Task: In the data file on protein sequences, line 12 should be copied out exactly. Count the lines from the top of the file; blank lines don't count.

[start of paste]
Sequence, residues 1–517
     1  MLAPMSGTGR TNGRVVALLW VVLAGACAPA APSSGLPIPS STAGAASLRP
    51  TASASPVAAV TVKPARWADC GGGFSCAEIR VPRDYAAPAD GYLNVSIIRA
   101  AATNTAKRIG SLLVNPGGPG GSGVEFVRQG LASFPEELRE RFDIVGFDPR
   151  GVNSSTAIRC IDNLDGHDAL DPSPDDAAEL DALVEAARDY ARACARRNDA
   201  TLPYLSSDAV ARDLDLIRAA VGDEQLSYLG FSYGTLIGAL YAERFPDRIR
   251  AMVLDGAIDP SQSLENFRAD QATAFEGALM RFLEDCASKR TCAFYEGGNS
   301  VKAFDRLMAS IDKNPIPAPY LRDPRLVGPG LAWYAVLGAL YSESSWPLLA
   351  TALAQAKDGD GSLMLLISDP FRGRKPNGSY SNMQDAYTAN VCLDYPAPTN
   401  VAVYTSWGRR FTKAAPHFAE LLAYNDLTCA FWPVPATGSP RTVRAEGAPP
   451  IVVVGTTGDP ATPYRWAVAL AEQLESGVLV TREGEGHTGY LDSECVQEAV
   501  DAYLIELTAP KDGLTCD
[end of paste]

   501  DAYLIELTAP KDGLTCD